In his Complaint in this action, Plaintiff contends that, in retaliation for his efforts to seek justice for his mother, the Defendants have "torpedo[ed]" and destroy[ed]" his music video and the relationships he was developing to capitalize on the video. Doc. No. 1 at 5. Plaintiff alleges a nexus between Steward and the Red Sox in Rasky, which is the public relations firm for both entities, id. at 3, and that Plaintiff's allegations against Steward's member hospital precipitated the actions of Rasky and the Red Sox Defendants, id. at 3-4. Although the Complaint contains no separately identified counts, fairly and liberally read, it alleges claims for breach of contract, fraud, intentional inflection of emotional distress, and intentional interference with economic advantage. The legal issues raised by the Complaint are discussed below.


A. Legal Standard Governing Motions to Dismiss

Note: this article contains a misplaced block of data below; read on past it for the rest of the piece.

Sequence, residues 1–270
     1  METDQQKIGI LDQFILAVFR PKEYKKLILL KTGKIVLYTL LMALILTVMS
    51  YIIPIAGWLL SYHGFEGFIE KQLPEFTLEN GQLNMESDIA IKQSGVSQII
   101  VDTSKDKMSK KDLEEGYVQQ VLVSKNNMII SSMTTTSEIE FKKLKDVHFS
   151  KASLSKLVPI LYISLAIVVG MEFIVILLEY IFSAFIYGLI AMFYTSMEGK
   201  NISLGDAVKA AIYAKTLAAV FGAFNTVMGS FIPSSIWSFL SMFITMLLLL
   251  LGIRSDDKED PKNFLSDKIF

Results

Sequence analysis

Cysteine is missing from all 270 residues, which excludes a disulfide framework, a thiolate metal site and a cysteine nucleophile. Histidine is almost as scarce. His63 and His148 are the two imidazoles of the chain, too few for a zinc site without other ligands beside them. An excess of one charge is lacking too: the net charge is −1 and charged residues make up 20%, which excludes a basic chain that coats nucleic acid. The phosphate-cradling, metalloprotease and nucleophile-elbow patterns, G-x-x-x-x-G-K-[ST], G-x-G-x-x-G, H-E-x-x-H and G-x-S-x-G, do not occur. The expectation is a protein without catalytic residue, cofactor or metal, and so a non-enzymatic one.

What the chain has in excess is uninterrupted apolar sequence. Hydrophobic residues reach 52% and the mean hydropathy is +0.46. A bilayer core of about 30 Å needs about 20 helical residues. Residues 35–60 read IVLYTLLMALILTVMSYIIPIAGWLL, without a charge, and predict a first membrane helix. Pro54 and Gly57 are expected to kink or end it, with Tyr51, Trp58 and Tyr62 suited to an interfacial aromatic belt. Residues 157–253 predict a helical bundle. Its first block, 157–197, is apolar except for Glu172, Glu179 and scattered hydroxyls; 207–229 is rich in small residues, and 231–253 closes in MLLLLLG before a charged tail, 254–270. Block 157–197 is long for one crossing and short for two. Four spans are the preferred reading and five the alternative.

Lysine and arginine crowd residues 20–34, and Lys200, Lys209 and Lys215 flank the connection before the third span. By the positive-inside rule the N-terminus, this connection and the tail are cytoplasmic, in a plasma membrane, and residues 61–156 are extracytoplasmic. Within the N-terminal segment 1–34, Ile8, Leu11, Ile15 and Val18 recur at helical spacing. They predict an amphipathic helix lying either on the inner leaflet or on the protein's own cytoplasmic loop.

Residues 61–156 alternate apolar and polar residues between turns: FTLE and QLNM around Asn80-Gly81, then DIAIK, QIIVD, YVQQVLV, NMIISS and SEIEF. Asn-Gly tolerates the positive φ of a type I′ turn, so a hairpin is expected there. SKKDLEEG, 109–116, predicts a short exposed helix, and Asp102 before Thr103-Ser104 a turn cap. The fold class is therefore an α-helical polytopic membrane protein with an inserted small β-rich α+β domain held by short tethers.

To survive a motion to dismiss under Rule 12(b)(6) of the Federal Rules of Civil Procedure, "a complaint must contain sufficient factual matter, accepted as true, to state a claim to relief that is plausible on its face.'" Ashcroft v. Iqbal, 556 U.S. 662, 678 (2009) (quoting Bell Atl. Corp. v. Twombly, 550 U.S. 544, 570 (2007)). The Court "must take the allegations in the complaint as true and must make all reasonable inferences in favor of the plaintiff[]." Watterson v. Page, 987 F.2d 1, 3 (1st Cir. 1993). "[F]actual allegations" must be separated from "conclusory statements in order to analyze whether the former, if taken as true, set forth a plausible, not merely a conceivable, case for relief." Juarez v. Select Portfolio Servicing. Inc., 708 F.3d 269, 276 (1st Cir. 2013) (internal quotations omitted). This highly deferential standard of review "does not mean, however, that a court must (or should) accept every allegation made by the complainant, no matter how conclusory or generalized." United States v. AVX Corp., 962 F.2d 108, 115 (1st Cir. 1992). Dismissal for failure to state a claim is appropriate when the pleadings fail to set forth "factual allegations, either direct or inferential, respecting each material element necessary to sustain recovery under some actionable legal theory." Berner v. Delahanty, 129 F.3d 20, 25 (1st Cir. 1997) (quoting Gooley v. Mobil Oil Corp., 851 F.2d 513, 515 (1st Cir. 1988)) (internal quotation marks omitted).